to a proper proxy to process.

   The asymmetric path issue can be eliminated by adopting DI2 proxies.
   A DI2 proxy located at the border of a private network maintains a
   pool of IP addresses which are routable in the private network.
   After receiving a packet from a HIP host, the DI2 proxy processes the
   packet and forwards it to the destination legacy host.  In addition,
   an IP address selected from the pool is adopted as the source address
   of the packet.  Therefore, when the legacy host sends responding
   packets to the HIP host, the packets will be transported to the same
   HIP proxy.  The asymmetric path issue is thus eliminated.


6.  Issues with LBMs in supporting dynamic load balance and redundancy

   The load balancing solutions discussed above are simple and static.
   They cannot modify routes of packets according to the loads on
   different HIP proxies.  In practice, there are requirements for LBMs
   to support dynamic load balance and redundancy.  That is, when a
   proxy (called a prim proxy) in a LBM is not able to work properly or
   the overheads imposed on it surpass a threshold, the proxy can
   delegate all of (or a part of) its job to other proxies (called
   backup proxies).  In this section, we analyze the performance of
   different types of HIP proxies in supporting dynamic load balance and
   redundancy.

   In order to provide backup services, a backup proxy needs to
   advertise the same routes as those advertised by the prim proxy in
   both the private and the public networks.  To avoid affecting the
   normal operations of the prim proxy, the routes advertised by the
   backup proxy have a much higher cost than that of the routes



Zhang, et al.            Expires April 26, 2011                [Page 16]


Internet-Draft        Investigation in HIP Proxies          October 2010


   advertised by the prim proxy.  When the abnormal conditions mentioned
   above occurs, the prim proxy can withdraw the routes it previously
   advertised so that the packets supposed to be processed by the prim
   proxy will be forwarded to the backup proxy.  We refer to the routes
   advertised by a proxy for backup purposes as the backup routes of the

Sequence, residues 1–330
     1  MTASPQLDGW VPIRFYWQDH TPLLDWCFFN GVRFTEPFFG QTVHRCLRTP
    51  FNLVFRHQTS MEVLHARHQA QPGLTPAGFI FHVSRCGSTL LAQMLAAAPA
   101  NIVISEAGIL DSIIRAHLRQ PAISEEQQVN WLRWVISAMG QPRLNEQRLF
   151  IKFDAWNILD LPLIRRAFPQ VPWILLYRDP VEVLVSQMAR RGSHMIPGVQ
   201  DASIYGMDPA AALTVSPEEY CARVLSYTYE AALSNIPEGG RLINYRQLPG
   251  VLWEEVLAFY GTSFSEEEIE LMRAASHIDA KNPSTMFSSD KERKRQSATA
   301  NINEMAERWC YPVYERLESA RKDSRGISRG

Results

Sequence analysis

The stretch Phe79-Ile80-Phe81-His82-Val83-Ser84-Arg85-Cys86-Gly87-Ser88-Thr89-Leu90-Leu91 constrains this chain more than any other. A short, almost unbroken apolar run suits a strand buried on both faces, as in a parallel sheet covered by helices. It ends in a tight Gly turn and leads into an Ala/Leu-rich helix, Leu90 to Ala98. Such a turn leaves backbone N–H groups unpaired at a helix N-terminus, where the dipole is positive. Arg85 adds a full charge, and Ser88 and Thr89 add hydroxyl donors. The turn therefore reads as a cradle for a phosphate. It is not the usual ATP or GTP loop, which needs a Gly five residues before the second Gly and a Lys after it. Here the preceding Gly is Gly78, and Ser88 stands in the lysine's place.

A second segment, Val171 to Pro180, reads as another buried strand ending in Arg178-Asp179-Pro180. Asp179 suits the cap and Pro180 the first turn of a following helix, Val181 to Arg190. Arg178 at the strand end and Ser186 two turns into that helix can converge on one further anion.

proxy.  In contrast, we refer to the routes advertised by a proxy to
   achieve its primary job as the prim routes of the proxy.  In
   practice, the proxies in a LBM can provide backup services for one
   another.  Therefore, a proxy in such a LBM may needs to advertise
   both prim and backup routes.

   The synchronization of state information between prim and backup
   proxies is also very important.  Without proper HIP associations, a
   backup proxy cannot correctly take place of the prim proxy to process
   the packets.  The state synchronization problem has been discussed
   above.  If there is no state synchronization, a backup proxy may
   select to send signaling packets to HIP hosts to initiate new HIP
   BEXs.

   In the remainder of this section, we attempt to analyze the
   performance of different types of HIP proxies in supporting dynamic
   load balance and redundancy respectively.

6.1.  Application of DI1 proxies in supporting dynamic load balance and
      redundancy

   As mentioned in section 3.1, a DI1 proxy needs to at least advertise
   two prim routes in the private network, one for a section of HITs,
   which is used to intercept data packets, and the other for a section
   of IP addresses, which is used to intercept DNS lookups.  When the
   proxy cannot work properly, it can withdraw both routes to enable a
   backup proxy to take over its job.

   In some cases, a DI1 proxy may only want to delegate a part of its
   job to others so as to reduce the overloads it undertakes.  To
   achieve this objective, the proxy can advertise multiple specific
   prim routes.  When the overload on the proxy is high, it can only
   withdraw a subset of those advertised routes.  For instance, a DI1
   proxy can selectively only delegate a part of the responsibility in
   processing DNS lookups to a backup proxy by withdrawing one of its
   lookup intercepting routes.

6.2.  Application of DI2 proxies in supporting dynamic load balance and
      redundancy

   A DI2 proxy needs to at least advertise two prim routes in the
   private network, a route for its IP address pool, used to intercept
   data packets, and the other for an IP address section, is used to



Zhang, et al.            Expires April 26, 2011                [Page 17]


Internet-Draft        Investigation in HIP Proxies          October 2010


   intercept DNS lookups.  When the proxy cannot work properly, it can
   withdraw both routes to enable a backup proxy to take over its job.
   In this case, the delegated backup proxy needs to maintain an IP
   address pool identical to the one maintained by the prim proxy.
   Moreover, apart from synchronizing HIP associations, the
   synchronization of mappings from IP addresses to HITs is also
   required.  Otherwise, the backup proxy cannot translate the received
   packet correctly.

   If a DI2 proxy only intends to maintain existing communications
   between ML hosts and HIP hosts while not facilitating any more, it
   can withdraw the lookup intercepting route.  As mentioned previously,